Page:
Health facilities and healthworkers around the country are working to recover from the disruption to routine vaccinations caused by the COVID-19 pandemic to make sure every child is protected from vaccine-preventable diseases
Gulshan Nesa was very concerned her young children would miss getting the measles-rubella vaccine during the COVID-19 nation-wide lockdown. On the one hand, the family had lost a great deal of business because the clothes shop they run was closed the whole time. But more than that, as a parent of five children – four of whom are under five years of age – Gulshan says she was afraid for her children’s health.
“We were already being so careful to protect the children from the coronavirus, but then there were also the other diseases that we were worried they might get if they didn’t receive the vaccinations in time,” she says.
It was therefore with a palpable sense of relief that on 2 July, Gulshan brought all her little ones to an immunization centre running near her home in Kalanki in the capital Kathmandu, where children were being given the measles-rubella or MR vaccine.
Although routine immunization had been disrupted when the nation first went into lockdown in late March 2020 to prevent the transmission of COVID-19, the Government of Nepal – thanks to advocacy and support from UNICEF, WHO and other partners – has since issued a directive to all provinces to resume immunization services. The MR campaign, in particular, which had been halted in specific municipalities, has now been resumed.
Gulshan’s family, like all others with children under five in the neighborhood, had been officially notified of the date and location of the MR campaign via an invitation card that was delivered personally to their home by one of the female community health volunteers (FHCVs) who are mobilized in the area. These cards are then brought along by caregivers when coming into their designated immunization centres, and handed over to the FCHVs for registering in their records.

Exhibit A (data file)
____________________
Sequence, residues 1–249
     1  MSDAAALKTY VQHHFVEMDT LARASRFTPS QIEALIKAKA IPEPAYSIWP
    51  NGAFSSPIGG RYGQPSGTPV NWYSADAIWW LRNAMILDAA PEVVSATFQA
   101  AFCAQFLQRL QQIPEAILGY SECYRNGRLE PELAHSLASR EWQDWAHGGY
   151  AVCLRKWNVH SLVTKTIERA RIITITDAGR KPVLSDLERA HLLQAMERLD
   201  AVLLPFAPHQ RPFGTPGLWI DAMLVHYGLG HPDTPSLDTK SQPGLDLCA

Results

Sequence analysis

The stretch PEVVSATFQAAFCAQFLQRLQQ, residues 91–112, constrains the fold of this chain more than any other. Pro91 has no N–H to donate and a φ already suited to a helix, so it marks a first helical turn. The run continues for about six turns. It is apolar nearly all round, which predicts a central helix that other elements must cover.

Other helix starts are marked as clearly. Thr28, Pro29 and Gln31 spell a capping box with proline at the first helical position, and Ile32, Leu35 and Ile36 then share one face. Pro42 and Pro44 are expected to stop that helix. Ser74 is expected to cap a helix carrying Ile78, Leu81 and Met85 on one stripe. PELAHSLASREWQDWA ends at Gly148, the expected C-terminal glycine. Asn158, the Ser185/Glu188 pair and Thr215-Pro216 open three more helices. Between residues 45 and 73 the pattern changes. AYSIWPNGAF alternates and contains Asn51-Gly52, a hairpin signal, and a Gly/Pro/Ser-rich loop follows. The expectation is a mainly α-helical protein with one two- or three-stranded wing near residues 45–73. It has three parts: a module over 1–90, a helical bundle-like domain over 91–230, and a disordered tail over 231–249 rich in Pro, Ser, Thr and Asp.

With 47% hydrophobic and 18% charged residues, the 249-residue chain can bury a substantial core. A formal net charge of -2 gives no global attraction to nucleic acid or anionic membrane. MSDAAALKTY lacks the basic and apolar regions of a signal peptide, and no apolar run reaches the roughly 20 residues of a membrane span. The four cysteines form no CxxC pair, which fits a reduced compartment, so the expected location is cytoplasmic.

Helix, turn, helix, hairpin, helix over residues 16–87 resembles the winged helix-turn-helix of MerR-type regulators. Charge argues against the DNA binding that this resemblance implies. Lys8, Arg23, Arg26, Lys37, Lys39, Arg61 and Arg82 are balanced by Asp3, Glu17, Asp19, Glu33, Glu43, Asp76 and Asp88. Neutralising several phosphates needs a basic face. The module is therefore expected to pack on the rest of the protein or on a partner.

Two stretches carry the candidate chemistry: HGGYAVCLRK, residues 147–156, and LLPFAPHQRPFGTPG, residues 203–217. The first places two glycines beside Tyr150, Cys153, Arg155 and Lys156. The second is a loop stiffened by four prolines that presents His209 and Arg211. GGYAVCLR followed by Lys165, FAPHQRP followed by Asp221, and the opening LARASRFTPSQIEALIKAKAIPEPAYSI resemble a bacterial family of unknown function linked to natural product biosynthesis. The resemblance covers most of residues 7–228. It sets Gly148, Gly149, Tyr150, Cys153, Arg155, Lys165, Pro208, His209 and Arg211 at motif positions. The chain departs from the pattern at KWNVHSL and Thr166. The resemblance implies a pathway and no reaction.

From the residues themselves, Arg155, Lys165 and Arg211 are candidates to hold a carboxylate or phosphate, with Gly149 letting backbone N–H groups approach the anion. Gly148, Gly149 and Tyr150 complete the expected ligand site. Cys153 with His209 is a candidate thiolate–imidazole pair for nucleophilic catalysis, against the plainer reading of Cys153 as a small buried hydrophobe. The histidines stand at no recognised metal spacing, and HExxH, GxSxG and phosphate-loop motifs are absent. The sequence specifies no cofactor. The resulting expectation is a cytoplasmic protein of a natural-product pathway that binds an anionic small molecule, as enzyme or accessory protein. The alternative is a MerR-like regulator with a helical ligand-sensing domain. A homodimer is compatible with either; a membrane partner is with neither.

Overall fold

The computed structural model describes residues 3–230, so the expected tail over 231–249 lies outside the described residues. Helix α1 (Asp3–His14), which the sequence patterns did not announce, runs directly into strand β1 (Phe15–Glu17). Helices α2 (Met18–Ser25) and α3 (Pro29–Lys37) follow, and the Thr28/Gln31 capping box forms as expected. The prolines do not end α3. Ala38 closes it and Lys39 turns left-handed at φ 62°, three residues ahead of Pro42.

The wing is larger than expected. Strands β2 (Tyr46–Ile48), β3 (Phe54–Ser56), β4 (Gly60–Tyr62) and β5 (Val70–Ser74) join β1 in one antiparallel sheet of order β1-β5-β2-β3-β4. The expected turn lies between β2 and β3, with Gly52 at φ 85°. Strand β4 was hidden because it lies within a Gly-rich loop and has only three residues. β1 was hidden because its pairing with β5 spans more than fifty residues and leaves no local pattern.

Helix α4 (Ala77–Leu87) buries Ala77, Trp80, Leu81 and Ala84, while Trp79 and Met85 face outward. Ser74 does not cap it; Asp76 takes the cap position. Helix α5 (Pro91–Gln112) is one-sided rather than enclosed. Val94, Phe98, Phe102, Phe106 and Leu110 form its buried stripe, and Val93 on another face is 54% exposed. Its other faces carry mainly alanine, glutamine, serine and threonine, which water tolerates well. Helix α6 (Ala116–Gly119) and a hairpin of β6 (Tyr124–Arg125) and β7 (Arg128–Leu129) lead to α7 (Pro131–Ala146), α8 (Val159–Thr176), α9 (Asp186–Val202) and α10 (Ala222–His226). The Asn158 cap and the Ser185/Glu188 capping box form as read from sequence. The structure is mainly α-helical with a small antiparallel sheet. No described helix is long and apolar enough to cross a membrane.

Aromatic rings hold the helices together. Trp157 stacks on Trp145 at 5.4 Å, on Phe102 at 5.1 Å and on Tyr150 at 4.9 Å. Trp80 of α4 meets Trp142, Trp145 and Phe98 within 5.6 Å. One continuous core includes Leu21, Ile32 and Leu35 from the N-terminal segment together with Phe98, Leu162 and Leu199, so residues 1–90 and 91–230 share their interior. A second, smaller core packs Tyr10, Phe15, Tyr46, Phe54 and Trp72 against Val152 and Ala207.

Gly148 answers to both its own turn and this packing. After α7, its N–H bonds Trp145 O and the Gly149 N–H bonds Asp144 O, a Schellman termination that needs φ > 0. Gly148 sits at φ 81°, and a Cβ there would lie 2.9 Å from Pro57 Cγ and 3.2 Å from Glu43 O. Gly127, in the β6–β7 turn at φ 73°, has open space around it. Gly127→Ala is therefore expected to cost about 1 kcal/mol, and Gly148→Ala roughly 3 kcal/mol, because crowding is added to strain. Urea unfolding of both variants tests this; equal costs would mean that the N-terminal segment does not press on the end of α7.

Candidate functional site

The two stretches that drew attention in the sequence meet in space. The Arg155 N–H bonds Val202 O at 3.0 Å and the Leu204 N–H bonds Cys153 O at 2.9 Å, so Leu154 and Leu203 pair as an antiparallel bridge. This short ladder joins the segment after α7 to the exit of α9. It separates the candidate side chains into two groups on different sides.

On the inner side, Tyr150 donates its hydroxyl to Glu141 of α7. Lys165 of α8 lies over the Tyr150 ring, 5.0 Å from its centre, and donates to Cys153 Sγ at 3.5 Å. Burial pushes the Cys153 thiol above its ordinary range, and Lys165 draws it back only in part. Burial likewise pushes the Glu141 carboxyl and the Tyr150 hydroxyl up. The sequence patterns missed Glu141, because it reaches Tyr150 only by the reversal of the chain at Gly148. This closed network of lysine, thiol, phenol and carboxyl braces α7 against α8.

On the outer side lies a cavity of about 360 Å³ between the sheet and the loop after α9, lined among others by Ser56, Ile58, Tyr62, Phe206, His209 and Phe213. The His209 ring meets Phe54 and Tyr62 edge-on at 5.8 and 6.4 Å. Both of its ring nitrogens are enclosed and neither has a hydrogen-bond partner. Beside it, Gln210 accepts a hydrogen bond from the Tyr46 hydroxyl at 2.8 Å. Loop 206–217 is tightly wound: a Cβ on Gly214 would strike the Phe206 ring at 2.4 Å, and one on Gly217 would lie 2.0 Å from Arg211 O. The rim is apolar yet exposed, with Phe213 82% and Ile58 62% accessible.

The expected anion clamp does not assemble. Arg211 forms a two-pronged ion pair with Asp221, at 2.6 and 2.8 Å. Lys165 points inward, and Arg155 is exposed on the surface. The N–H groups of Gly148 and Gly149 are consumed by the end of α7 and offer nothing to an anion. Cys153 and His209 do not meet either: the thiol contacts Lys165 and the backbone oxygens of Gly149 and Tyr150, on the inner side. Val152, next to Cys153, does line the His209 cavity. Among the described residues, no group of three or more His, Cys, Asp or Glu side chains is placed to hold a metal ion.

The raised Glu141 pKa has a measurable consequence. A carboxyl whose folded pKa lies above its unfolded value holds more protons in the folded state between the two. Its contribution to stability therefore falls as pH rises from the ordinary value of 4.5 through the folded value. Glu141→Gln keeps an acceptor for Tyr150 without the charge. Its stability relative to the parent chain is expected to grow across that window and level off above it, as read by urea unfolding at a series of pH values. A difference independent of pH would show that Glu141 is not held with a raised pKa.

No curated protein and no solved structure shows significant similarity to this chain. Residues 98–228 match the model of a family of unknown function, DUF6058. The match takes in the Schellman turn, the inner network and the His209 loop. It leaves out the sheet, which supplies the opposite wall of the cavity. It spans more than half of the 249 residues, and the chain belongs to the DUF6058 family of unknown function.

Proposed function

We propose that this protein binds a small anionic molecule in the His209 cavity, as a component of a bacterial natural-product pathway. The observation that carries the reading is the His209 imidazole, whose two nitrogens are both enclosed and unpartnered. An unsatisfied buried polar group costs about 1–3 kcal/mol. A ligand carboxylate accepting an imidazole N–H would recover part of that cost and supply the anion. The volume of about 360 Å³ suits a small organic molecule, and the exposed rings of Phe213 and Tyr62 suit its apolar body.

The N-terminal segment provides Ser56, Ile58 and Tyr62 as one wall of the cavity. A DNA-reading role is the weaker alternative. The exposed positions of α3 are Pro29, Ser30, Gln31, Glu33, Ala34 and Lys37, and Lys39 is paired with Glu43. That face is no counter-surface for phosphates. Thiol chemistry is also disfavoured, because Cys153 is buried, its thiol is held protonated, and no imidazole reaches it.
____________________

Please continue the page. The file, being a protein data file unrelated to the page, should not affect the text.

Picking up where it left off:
“COVID-19 has complicated our work …. even going door-to-door to deliver the invites in this situation felt risky,” says Kamala Rijal, one of the FCHVs from the Kalanki area. “But we serve the community, and making sure children are vaccinated is crucial to protecting the community’s health in the long-term,” she adds.
And it is thanks to these efforts of the vaccinators and female community health volunteers like Kamala that despite the unprecedented challenges brought on by the pandemic, over 2.6 million children have received the MR vaccine this year in Nepal across the two phases of the campaign.
Gulshan, for her part, is grateful to the healthworkers. “They’ve done so much to keep us informed,” she says, as she gathers up her children to head home. "I'm feeling very relieved."